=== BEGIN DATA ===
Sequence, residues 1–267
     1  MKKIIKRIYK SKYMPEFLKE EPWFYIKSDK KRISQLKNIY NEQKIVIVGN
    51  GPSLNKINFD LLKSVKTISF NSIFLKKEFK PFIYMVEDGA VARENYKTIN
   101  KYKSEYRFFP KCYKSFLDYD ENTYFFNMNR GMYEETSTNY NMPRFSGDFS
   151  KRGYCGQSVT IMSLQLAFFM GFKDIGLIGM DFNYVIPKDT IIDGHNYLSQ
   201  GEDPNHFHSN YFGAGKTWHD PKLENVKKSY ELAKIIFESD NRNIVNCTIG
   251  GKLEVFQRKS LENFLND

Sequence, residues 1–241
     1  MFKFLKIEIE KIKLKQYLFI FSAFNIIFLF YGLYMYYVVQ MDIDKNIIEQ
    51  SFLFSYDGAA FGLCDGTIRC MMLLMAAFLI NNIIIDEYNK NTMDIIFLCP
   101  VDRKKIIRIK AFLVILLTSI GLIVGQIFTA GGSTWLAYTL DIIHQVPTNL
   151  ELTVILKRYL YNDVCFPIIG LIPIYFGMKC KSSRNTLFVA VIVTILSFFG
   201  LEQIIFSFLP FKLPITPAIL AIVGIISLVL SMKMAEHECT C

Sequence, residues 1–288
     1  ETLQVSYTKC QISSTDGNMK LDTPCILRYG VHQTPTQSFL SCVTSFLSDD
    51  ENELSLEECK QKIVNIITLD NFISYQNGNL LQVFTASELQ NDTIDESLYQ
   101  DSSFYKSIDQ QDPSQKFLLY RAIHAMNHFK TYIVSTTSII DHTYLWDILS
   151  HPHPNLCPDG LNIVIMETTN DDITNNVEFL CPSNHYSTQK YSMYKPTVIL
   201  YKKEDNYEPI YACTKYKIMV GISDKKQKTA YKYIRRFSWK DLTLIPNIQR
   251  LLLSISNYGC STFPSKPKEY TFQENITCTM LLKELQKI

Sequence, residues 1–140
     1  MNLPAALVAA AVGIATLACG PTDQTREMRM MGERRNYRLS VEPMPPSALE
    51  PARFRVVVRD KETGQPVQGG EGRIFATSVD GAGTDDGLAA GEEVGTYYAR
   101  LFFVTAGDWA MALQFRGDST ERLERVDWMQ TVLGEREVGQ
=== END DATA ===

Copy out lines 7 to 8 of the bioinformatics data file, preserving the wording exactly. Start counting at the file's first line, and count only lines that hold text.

   251  GKLEVFQRKS LENFLND

Sequence, residues 1–241